House prepares to vote on $6T spending cut plan

WASHINGTON (AP) - A bold but politically risky plan to cut
trillions of dollars from the federal budget is coming to a House
vote, with insurgent Republicans rallying behind the idea of
fundamentally reshaping the government's role in health care for
the elderly and the poor.
The GOP plan, expected to be voted on Friday, promises more than$6 trillion in spending cuts over the next decade compared with the budget that President Barack Obama offered in February, relying on stiff cuts to domestic agency accounts, food stamps and the
Medicaid health care program for the poor and disabled.
But while leaving Social Security alone, the measure calls for
transforming Medicare from a program in which the government
directly pays medical bills into a voucher-like system that
subsidizes purchases of private insurance plans. People 55 and over
would remain in the current system, but younger workers would
receive subsidies that would steadily lose value over time.
Virtually every budget expert in Washington agrees that
projected Medicare cost increases are unsustainable, but the GOP
initiative - attacked by Democrats as ending Medicare's guarantee
as we know it - has launched a major-league Washington imbroglio.
The primary author of the GOP plan is unfazed by the Democratic
attacks.
"The biggest threat to Medicare is the status quo and the
people defending it," House Budget Committee Chairman Paul Ryan,
R-Wis., told The Associated Press on Thursday.
Democrats countered with official estimates showing the GOP plan
would provide vouchers whose value would steadily erode.
"They end the Medicare guarantee," said top Budget Committee
Democrat Chris Van Hollen of Maryland. "They force seniors to
leave the Medicare program and go into the private insurance market
where costs continue to rise day in and day out."
The House began debate on the measure Thursday with a vote on it
and several competing alternatives - most importantly a Democratic
substitute raising taxes on the wealthy and a plan by GOP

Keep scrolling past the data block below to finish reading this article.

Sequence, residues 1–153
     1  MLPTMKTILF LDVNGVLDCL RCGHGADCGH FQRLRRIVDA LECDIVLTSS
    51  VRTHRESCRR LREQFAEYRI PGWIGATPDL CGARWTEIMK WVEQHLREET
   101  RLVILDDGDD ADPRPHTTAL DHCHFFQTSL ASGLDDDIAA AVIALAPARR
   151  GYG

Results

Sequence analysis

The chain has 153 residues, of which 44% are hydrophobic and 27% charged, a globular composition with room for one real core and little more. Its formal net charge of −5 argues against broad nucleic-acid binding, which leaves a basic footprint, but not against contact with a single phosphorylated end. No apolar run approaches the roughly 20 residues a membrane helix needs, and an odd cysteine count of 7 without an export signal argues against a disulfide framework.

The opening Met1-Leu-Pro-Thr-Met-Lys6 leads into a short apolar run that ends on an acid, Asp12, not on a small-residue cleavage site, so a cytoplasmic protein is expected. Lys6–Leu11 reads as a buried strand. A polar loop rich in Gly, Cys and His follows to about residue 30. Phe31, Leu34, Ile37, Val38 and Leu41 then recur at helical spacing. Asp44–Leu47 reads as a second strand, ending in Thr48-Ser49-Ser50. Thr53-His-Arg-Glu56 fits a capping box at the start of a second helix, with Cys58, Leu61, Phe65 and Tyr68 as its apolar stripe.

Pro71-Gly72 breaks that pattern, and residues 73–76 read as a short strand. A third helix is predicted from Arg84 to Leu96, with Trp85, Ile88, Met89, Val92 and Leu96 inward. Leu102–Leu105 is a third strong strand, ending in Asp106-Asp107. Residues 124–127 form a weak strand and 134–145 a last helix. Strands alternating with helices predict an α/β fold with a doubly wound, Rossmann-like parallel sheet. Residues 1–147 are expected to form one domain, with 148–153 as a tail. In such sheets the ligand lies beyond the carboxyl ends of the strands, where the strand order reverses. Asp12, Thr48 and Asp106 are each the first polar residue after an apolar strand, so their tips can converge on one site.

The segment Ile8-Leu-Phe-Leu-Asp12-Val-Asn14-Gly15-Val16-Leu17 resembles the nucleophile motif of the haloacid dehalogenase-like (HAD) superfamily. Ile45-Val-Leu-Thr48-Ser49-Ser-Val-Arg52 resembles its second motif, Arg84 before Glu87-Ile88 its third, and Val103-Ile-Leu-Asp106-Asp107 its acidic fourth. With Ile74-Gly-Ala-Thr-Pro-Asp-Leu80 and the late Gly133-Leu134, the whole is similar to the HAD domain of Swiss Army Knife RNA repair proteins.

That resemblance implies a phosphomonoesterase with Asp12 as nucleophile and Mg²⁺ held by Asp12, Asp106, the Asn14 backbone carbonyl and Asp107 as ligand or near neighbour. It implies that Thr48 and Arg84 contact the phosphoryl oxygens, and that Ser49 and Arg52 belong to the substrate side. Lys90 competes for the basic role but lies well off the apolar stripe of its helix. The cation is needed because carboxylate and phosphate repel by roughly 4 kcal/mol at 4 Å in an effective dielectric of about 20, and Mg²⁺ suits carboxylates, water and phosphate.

conservatives to cut far more harshly - scheduled for Friday.
The GOP plan isn't actual legislation. Instead, under the arcane
and decidedly imperfect congressional budget process, the measure
sketches out a nonbinding blueprint each year for running the
government. The resolution doesn't require the president's
signature, but it does set the framework for changes to spending or
tax policy in follow-up legislation.
The Democratic-controlled Senate has yet to produce its
alternative plan as the Budget Committee chairman, Sen. Kent
Conrad, D-N.D., and other members of Obama's independent fiscal
commission pursue a bipartisan "grand bargain" blending big
spending curbs with new revenues flowing from a simplified tax
code.
The budget deficit is projected at an enormous $1.6 trillion
this year, but more ominously, current projections show an even
worse mismatch as the baby boom generation retires and Medicare
costs consume an ever-growing share of the budget. But there's a
standoff between House Republicans and Obama over the president's
plan to raise taxes on upper-income people.
Friday's voting comes on the heels of final congressional action
on a long-overdue plan to wrap up the 2011 budget year. That
measure claims $38 billion in savings but just $20 billion to $25
billion in lower deficits because illusory spending cuts comprise a
big portion of the measure.
For the long term, Ryan's 10-year plan still can't claim a
balanced budget by the end of the decade because of promises to not
increase taxes or change Medicare and Social Security benefits for
people 55 and over.
But eventually annual deficits are projected to fall to the $400
billion range, enough to stabilize the nation's finances and
prevent a European-style debt crisis that could force far harsher
steps, Ryan said.
The GOP measure also comes after Obama on Wednesday promised
stiffer deficit curbs than contained in his February budget. But
after Ryan asked the White House budget office for more details, he
was pointed to a news release.

(Copyright 2011 by The Associated Press. All Rights Reserved.)


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